One hand stands out. I was in the BB and the wife from the “regulars”, sitting two to my left, limps in. Several other limpers bring it to me. I have K8 off and check. The flop comes 282 and I check. The woman bets $3.

OK, I should back up here a bit. I have an impression of this woman. Her posture is very rigid, contrasted to her husband who seems very laid back. She likes to talk between hands but becomes very quiet when she’s in a hand. Her glasses are not reading glasses, but they’re perched on her nose in a manner that they might as well be. She’s bookish. I just know she’s a liberal (as I am) and I can also tell she’s takes her game very seriously.

There’s one more caller before it gets back to me and I raise it another $3. She re-raises, the other player folds and I call. She’s either got an 8 as well, a higher pair, nines perhaps, or A2 suited; and if she has pocket 2’s, well, she wouldn’t have re-raised. The turn is another 8. I check, she bets and I call. The river is a Q, I bet, she raises, I re-raise. She calls and says, I have the boat. I reply, Sorry sister, I have an 8, at which point she lights into me about making the donkey play on the flop. How could I call her first re-raise? My reply was that my initial raise was to see where I was at. At this point the husband chimes in: That’s OK, more action is good. Finally she pulls out the poker cliché: “Well, I hope you keep playing like that.” I will, thank you. Maybe she isn’t as bookish as I first thought, for even a cursory reading on limit reveals that I had played my hand correctly, except perhaps, I could have gotten even more money out of her, but I doubt it.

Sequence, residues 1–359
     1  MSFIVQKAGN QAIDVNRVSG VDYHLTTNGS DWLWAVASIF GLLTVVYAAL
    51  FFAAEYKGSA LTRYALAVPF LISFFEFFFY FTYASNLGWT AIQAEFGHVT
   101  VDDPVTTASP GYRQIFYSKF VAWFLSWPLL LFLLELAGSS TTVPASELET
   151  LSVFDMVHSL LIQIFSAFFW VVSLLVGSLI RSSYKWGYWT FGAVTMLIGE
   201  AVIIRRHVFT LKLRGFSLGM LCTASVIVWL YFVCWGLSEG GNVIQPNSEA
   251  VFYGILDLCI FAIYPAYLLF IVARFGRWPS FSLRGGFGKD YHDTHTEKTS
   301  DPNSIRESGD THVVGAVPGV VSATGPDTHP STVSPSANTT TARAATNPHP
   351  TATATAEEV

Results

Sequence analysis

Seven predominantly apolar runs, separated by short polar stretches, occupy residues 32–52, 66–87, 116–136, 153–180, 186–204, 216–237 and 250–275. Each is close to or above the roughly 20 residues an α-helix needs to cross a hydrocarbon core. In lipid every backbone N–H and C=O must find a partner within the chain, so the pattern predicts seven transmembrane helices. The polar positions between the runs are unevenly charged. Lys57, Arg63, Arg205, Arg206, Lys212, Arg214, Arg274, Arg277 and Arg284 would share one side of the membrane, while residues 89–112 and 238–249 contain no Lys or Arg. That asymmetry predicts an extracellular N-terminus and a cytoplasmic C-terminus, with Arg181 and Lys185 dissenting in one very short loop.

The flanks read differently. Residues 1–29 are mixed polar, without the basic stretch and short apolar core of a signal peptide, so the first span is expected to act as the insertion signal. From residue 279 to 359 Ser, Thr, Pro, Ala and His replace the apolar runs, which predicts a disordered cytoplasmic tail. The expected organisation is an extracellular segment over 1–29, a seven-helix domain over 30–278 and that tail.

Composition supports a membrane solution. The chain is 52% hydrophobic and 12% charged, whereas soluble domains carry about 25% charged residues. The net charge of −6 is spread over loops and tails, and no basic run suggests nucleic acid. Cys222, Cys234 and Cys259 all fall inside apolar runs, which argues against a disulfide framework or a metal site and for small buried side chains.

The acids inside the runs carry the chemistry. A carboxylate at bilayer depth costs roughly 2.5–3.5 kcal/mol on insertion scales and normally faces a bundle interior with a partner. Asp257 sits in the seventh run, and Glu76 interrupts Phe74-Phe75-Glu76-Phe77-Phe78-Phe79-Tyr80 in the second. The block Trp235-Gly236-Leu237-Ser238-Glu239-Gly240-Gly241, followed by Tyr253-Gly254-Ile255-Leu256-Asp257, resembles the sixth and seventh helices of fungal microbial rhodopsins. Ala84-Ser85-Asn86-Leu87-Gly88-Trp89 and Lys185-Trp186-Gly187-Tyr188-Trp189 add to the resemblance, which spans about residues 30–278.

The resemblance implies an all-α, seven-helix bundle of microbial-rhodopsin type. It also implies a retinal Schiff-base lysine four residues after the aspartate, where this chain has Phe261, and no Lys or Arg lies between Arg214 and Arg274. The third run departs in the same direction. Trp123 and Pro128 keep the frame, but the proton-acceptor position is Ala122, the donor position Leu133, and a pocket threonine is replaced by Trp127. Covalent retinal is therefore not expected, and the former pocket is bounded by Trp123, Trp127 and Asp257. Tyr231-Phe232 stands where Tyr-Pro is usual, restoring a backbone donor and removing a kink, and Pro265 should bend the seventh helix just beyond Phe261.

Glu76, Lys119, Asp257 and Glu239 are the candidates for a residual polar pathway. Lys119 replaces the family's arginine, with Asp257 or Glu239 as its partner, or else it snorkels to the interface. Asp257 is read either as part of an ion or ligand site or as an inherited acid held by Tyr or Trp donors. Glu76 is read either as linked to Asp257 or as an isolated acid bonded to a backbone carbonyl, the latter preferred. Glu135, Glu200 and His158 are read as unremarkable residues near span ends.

Soon after that, a seat opened at a 1/2 table and I left up $40. Second hand in I had AA against pocket 10’s. He folded after the flop. A couple hands later I had AK in the big blind, bet $16 and got three callers, including the small blind. An A came on the flop with two clubs. I had the Ace of clubs. I bet the pot and everyone folded except the small blind. Another club on the turn. She checks as do I. River is a blank and she bets $30. I pay her off. She shows 35 clubs. I mutter, I thought I just left a Limit table. She says, in broken English, “I have flush.” I’m down over $100 and re-buy to $200 again. I say to myself, Keep playing like that, sister. Well, she kept playing like that, chasing but not hitting, only I didn’t get a piece of the $200 she lost before leaving.